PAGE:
Cookies on this website

We use cookies to ensure that we give you the best experience on our website. If you click 'Accept all cookies' we'll assume that you are happy to receive all cookies and you won't see this message again. If you click 'Reject all non-essential cookies' only necessary cookies providing core functionality such as security, network management, and accessibility will be enabled. Click 'Find out more' for information on how to change your cookie settings.

DPUK researchers have secured funding to investigate the global mental health impact of the COVID-19 pandemic.

A couple walking downstairs wearing masks during the coronavirus pandemic © Photo by cheng feng on Unsplash.

Dr Sarah Bauermeister, Senior Data and Science Manager at DPUK, will co-lead the project with colleagues from Harvard University and the University of São Paulo.

Funded by the International HundredK+ Cohorts Consortium (IHCC), the project has three main aims:

  • To catalogue and curate existing relevant cohort data
  • To address some of the key questions surrounding mental health and the COVID-19 pandemic (for example, how the pandemic is affecting rates of mental health symptoms and disorders over time)
  • To characterise changes in people’s cognitive and neuropsychological function as a result of the pandemic

Dr Bauermeister, who is a member of the IHCC mental health working group, said: ‘The COVID-19 pandemic is bringing an unprecedented set of challenges that may impact the mental health of populations around the world. While an estimated 35 million people worldwide have been infected with the virus, many now fear the emergence of a secondary pandemic of mental distress and illness.’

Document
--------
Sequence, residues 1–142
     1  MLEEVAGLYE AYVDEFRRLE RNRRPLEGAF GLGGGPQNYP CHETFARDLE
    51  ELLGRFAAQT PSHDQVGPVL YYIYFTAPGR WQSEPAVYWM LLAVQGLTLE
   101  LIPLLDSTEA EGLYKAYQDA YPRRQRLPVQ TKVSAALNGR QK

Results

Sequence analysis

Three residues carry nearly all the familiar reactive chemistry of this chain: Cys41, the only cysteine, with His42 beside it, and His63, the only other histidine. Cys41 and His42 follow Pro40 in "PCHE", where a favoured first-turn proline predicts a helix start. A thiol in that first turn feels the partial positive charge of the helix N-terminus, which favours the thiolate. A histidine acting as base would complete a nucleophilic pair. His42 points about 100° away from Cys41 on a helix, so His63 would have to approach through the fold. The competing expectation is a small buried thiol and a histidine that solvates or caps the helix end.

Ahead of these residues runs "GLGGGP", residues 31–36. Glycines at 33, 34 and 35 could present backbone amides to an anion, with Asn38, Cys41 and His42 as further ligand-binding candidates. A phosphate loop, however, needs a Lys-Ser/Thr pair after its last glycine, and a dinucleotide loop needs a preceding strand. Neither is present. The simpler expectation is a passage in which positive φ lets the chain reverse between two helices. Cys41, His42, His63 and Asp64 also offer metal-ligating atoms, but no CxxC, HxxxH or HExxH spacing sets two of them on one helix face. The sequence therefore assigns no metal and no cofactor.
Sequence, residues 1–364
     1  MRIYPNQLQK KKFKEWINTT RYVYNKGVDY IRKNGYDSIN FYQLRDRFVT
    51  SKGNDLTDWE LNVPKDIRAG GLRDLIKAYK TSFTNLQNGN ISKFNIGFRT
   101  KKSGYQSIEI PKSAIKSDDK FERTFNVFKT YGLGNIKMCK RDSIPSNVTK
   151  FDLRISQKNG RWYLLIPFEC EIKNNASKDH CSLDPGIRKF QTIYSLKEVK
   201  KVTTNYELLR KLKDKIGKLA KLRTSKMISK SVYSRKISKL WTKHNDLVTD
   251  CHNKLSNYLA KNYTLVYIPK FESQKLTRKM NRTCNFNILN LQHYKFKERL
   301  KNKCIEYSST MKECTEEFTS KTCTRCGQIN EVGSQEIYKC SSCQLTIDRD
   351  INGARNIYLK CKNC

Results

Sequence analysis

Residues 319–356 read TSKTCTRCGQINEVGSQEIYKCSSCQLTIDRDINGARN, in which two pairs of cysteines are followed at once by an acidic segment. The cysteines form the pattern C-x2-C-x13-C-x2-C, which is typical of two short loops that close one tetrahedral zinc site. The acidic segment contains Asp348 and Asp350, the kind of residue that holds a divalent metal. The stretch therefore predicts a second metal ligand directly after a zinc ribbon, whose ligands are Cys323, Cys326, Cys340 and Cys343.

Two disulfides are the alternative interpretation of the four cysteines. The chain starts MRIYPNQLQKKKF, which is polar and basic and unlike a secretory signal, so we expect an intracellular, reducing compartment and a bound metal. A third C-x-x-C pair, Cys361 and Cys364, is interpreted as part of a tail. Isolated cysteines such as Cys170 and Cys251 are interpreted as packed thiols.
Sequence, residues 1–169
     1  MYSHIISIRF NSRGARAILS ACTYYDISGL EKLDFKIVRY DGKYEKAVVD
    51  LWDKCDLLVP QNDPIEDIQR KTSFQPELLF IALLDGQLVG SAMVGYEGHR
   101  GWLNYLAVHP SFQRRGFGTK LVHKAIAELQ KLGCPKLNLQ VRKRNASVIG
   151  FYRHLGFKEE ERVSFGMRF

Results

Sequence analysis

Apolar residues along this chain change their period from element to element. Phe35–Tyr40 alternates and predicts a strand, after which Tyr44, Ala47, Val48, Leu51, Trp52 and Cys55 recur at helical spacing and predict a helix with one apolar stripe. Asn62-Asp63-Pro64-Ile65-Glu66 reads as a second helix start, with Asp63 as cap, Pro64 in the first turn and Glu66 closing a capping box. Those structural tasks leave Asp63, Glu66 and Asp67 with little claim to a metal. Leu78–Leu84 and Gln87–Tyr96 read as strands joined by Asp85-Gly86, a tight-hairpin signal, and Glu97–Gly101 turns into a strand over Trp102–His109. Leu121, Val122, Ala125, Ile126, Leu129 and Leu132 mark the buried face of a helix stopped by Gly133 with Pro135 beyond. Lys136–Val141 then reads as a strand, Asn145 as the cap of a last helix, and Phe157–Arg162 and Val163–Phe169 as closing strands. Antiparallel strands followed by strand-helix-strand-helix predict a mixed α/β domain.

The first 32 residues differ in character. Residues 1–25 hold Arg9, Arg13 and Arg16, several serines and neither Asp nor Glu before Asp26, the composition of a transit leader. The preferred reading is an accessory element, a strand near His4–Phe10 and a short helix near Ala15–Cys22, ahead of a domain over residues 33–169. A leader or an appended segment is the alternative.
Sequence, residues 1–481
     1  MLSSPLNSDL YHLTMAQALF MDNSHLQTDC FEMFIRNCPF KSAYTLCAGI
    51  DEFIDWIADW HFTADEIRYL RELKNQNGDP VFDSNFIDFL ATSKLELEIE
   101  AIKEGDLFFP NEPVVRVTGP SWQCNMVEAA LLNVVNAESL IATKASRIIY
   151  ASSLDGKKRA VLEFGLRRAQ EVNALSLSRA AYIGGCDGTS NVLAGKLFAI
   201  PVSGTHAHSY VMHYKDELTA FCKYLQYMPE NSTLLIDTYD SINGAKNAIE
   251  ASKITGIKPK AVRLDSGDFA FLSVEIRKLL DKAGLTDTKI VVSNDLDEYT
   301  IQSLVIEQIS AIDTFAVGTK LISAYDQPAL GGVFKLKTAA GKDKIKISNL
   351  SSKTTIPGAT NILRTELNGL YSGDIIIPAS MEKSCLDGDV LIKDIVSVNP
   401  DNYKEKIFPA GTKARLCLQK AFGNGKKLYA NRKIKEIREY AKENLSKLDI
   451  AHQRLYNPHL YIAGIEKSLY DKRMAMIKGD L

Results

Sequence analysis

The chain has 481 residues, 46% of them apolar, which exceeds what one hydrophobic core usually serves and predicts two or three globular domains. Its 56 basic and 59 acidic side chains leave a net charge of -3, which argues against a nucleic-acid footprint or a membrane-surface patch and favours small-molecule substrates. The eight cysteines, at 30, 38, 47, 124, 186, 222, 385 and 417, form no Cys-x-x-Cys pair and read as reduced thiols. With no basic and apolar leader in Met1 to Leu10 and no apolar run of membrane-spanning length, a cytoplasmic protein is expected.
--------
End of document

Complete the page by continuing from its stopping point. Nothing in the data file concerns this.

The researchers highlight the indirect effects of the virus: for example, the stress and trauma on first responders and healthcare professionals; suffering and bereavement among families of victims; the disruption to social contact as a result of physical distancing measures; economic and social impacts such as unemployment and housing insecurity; reduced access to healthcare for those with existing mental health disorders.

Dr Bauermeister added: ‘The unprecedented scale and scope of the pandemic and its fallout mean that the evidence base for optimal prevention and treatment strategies is limited. All of this is occurring against a backdrop of already-rising rates of psychiatric illness and suicide in many countries. And in a recent survey of 128 UK care homes, 80% of those with dementia are showing an acceleration of decline.

‘The IHCC cohort data provides a unique platform for addressing important questions and producing key insights into the adverse mental health outcomes of the COVID-19 pandemic – including identifying those most at risk and helping inform policy and treatment strategies, now and in the future.’

The project has been funded initially for a pilot period of 12 months. As well as the IHCC’s international group of cohorts, the project will make use of cohorts available via the DPUK Data Portal, such as UK Biobank, Generation Scotland and the English Longitudinal Study of Ageing.

IHCC’s mission is to create a global network for translational research that utilises large cohorts to enhance the understanding of the biological and genetic basis of disease and improve clinical care and population health. Find out more by visiting the IHCC website.